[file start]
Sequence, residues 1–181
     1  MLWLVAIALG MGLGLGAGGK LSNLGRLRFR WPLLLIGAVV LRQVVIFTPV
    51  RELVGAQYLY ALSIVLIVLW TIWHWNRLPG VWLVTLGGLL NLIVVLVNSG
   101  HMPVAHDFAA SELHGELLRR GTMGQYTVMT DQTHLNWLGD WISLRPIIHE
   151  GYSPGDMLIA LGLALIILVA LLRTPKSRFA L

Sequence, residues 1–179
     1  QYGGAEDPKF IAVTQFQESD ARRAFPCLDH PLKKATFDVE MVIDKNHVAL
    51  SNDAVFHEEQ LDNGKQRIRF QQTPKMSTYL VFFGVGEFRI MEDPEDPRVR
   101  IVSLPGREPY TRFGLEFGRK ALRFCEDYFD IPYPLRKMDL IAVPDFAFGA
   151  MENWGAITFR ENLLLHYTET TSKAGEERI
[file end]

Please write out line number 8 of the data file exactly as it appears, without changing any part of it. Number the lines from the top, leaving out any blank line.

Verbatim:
    51  SNDAVFHEEQ LDNGKQRIRF QQTPKMSTYL VFFGVGEFRI MEDPEDPRVR